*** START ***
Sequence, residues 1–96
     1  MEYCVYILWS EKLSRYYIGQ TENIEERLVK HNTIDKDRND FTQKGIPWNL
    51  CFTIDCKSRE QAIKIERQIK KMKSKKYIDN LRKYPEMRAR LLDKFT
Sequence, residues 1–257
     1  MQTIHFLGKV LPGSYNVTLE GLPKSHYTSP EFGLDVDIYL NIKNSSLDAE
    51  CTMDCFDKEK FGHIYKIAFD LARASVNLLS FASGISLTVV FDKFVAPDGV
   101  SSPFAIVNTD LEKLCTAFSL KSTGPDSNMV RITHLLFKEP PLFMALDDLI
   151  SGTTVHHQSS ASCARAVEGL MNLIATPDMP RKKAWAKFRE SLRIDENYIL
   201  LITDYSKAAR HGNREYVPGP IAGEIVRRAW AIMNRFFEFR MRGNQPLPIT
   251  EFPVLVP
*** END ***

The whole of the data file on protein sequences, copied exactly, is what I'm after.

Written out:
Sequence, residues 1–96
     1  MEYCVYILWS EKLSRYYIGQ TENIEERLVK HNTIDKDRND FTQKGIPWNL
    51  CFTIDCKSRE QAIKIERQIK KMKSKKYIDN LRKYPEMRAR LLDKFT
Sequence, residues 1–257
     1  MQTIHFLGKV LPGSYNVTLE GLPKSHYTSP EFGLDVDIYL NIKNSSLDAE
    51  CTMDCFDKEK FGHIYKIAFD LARASVNLLS FASGISLTVV FDKFVAPDGV
   101  SSPFAIVNTD LEKLCTAFSL KSTGPDSNMV RITHLLFKEP PLFMALDDLI
   151  SGTTVHHQSS ASCARAVEGL MNLIATPDMP RKKAWAKFRE SLRIDENYIL
   201  LITDYSKAAR HGNREYVPGP IAGEIVRRAW AIMNRFFEFR MRGNQPLPIT
   251  EFPVLVP